Led by young women, fighters for abortion rights are on the move in Argentina. In the past few years they have organized a series of large mobilizations, won growing support and forced a first-ever vote on legalization in the National Congress that lost by only a few votes in 2018. This vote came just a few months after hundreds of thousands marched in cities across the country on International Women’s Day, March 8. Now they’re pressing to win a new vote.
“I have been active in this campaign for 15 years and we have seen a huge change over the recent period, I would say since 2015,” Victoria Tesoriero, a spokesperson for the National Campaign for the Right to Legal, Safe and Free Abortion, told the Militant by phone from Buenos Aires Feb. 28. “The next few days are very important to us. The president opens this session of Congress March 1 and he says he will present a bill to legalize abortion.”
The details of the bill President Alberto Fernández will introduce have not yet been made public. The 2018 bill would have made abortion legal in the first 14 weeks of pregnancy.
“We organized a big mobilization Feb. 19 with tens of thousands participating across the country to put pressure on the government and the president,” Tesoriero said.
Young women lead the way
The growing strength of the movement and popularity of the campaign reflect a transformation in people’s attitudes. Tesoriero said an important change is how widely and openly abortion is discussed today, as opposed to before when nobody talked about it.
“We have a new generation joining. Most significant is the number of young women, 15, 16, 17 years old. They play a key role in winning others, including their mothers and other family members,” she said. “And we have international support. While Congress debated in 2018 there were actions in front of Argentine embassies in 100 cities around the world.”
In today’s mobilizations, chants like “It’s my body, I decide” are popular, reflecting the view that the fight is a question of equal protection under the law and a democratic right for women.
“We have always campaigned that abortion is a health issue,” Tesoriero said. “We believe this is how you can win support broadly among the general public.” Under Argentina’s current law abortion is legal only in cases of rape or risk to a woman’s life or health. Women in the ruling class and middle classes can afford to end an unwanted pregnancy by seeing costly doctors in the big cities or outside the country. But working-class women and those living in rural areas are forced to turn to “clandestine” abortions, the leading cause of maternal death in the country today.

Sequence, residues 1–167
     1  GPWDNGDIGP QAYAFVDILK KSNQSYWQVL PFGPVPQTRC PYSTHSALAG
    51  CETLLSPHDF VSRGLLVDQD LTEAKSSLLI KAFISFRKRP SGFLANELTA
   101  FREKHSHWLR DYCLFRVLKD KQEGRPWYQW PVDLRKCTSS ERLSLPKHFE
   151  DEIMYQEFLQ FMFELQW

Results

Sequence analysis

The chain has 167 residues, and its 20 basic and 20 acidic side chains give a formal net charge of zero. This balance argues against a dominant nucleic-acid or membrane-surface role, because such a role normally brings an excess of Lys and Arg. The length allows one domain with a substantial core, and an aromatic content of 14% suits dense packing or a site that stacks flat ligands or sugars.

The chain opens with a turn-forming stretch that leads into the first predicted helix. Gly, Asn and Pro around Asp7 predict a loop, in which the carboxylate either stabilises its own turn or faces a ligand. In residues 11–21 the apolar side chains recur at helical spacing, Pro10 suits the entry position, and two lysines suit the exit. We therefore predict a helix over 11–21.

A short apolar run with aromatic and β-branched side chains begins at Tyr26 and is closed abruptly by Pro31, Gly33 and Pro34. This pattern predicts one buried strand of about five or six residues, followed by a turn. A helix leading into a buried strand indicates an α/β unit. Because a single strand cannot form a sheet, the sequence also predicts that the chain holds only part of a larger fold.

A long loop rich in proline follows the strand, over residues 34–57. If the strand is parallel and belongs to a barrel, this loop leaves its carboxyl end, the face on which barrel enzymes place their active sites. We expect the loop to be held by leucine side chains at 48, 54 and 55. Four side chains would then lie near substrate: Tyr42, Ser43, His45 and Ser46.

The forces leading the opposition are Catholic and evangelical church officials. The Catholic bishops conference has launched a campaign, “Yes to woman, yes to life,” to stop the decriminalization. Their next action against changing the law will be a Mass on International Women’s Day in the national shrine of Our Lady of Luján, patroness of Argentina.
Growing numbers of Catholics do not follow the call of the bishops, a reflection of the broader changes in public opinion in recent years. Catholics for Choice is one of the stronger groups marching for abortion rights today.
Fight to broaden support
“But one thing we are trying to do is take abortion out of being seen as only part of the feminist agenda,” Tesoriero said. “We’re reaching out to win other organizations, like unions in factories and industries, where men mostly work. Workers in the public health sector have organized and affiliated with us, which is very important.”
Another challenge she said is to win support in rural areas. “I don’t think women in the countryside are organized.”
But women there are being won to the fight. In 2007, 20-year-old Anna María Acevedo, mother of three children in the province of Santa Fe, died in a cesarean delivery 22 weeks into her pregnancy, as did her fetus. Diagnosed with cancer, she was refused treatment on grounds that radiotherapy could hurt the fetus. Her case focused national and international attention on Argentina’s laws.
“Her mother has now become a supporter of legalizing abortion and campaigns in the countryside,” Tesoriero said. “People like her will lead the way to others in rural areas.”